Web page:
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Original Research: Asthma |

Increased Day-to-Day Variability of Forced Oscillatory Resistance in Poorly Controlled or Persistent Pediatric AsthmaRespiratory System Impedance Variability in Asthma

Paul D. Robinson, MBChB, PhD; Nathan J. Brown, PhD; Martin Turner, PhD; Peter Van Asperen, MD; Hiran Selvadurai, PhD; Gregory G. King, MBChB, PhD
Author and Funding Information

From the Woolcock Institute of Medical Research (Drs Robinson, Brown, Turner, and King), Sydney; The University of Sydney (Drs Robinson, Brown, Turner, Van Asperen, Selvadurai, and King), Sydney; the Department of Respiratory Medicine (Drs Robinson, Van Asperen, and Selvadurai), The Children’s Hospital at Westmead, Westmead; the Cooperative Research Centre for Asthma and Airways (Drs Robinson, Brown, Turner, and King), Sydney; and the Department of Respiratory Medicine (Dr King), Royal North Shore Hospital, St. Leonards, NSW, Australia.

CORRESPONDENCE TO: Paul D. Robinson, MBChB, PhD, Department of Respiratory Medicine, The Children’s Hospital at Westmead, Locked Bag 4001, Westmead, NSW 2145, Australia; e-mail: dr.pdrobinson@gmail.com


FUNDING/SUPPORT: This study was supported by a National Health and Medical Research Council (NHMRC) Postgraduate Research Scholarship, an NHMRC Practitioner Fellowship, the Cooperative Research Centre for Asthma and Airways (Project 2.1), the Australian Research Council (UPTECH [Ultrafine Particles from Traffic Emissions and Children’s Health] study), and an NHMRC project grant [512387].

Reproduction of this article is prohibited without written permission from the American College of Chest Physicians. See online for more details.


Chest. 2014;146(4):974-981. doi:10.1378/chest.14-0288
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BACKGROUND:  Pediatric asthma lacks sensitive objective measures for asthma monitoring. The forced oscillation technique (FOT) offers strong feasibility across the pediatric age range, but relationships between FOT parameter day-to-day variability and pediatric asthma severity and control are unknown.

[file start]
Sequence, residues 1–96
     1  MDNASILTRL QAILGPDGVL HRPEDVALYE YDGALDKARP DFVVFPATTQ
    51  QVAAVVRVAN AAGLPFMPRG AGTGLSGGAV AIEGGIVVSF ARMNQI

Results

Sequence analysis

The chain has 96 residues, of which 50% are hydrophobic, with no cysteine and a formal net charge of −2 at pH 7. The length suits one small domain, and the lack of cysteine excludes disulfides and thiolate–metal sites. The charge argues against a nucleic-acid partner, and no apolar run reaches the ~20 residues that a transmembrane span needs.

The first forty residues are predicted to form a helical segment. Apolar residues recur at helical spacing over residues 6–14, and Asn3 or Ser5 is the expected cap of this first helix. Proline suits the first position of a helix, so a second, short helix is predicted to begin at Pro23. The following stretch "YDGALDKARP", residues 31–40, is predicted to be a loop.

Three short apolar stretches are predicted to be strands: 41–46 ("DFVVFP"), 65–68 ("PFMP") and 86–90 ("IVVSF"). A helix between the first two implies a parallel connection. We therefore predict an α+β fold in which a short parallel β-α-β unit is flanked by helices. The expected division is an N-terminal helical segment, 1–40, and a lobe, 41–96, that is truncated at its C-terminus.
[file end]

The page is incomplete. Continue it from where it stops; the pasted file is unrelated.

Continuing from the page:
METHODS:  Day-to-day variability in FOT respiratory system resistance (Rrs) and respiratory system reactance (Xrs) compared with peak expiratory flow (PEF) were defined in 22 children with asthma (mean ± SD age, 10.4 ± 1.1 years) during a 5-day asthma camp. FOT was performed at 6 Hz in triplicate on each test occasion. Relationships between day-to-day FOT variability (expressed as within-subject SD [SDW] and asthma control and severity (defined according to GINA [Global Initiative for Asthma] recommendations) were explored. For comparison, normal baseline FOT values and variability, measured on two occasions, were defined in a separate cohort of 38 healthy children (age, 9.5 ± 1.0 years).

RESULTS:  Day-to-day Rrs variability was greater in persistent (n = 16) vs intermittent (n = 6) asthma (mean SDW, 0.69 cm H2O/L/s vs 0.39 cm H2O/L/s; P ≤ .01). Day-to-day Rrs variability was increased in uncontrolled (n = 13) vs partly controlled asthma (n = 9) (mean SDW, 0.75 cm H2O/L/s vs 0.42 cm H2O/L/s; P ≤ .05). PEF variability did not differentiate the groups. Day-to-day variability of Rrs and Xrs but not baseline values were increased in children with asthma vs control children (Rrs mean SDW, 0.61 cm H2O/L/s vs 0.33 cm H2O/L/s [P ≤ .05]; Xrs mean SDW, 0.24 cm H2O/L/s vs 0.15 cm H2O/L/s [P ≤ .05]).

CONCLUSIONS:  Increased day-to-day FOT variability exists in school-aged children with asthma. Day-to-day Rrs variability was associated with asthma severity and asthma control. FOT may be a useful objective monitoring tool in pediatric asthma and warrants further study.

TRIAL REGISTRY:  Australian and New Zealand Clinical Trials Registry; No.: ACTRN12614000885695; URL: www.anzctr.org.au

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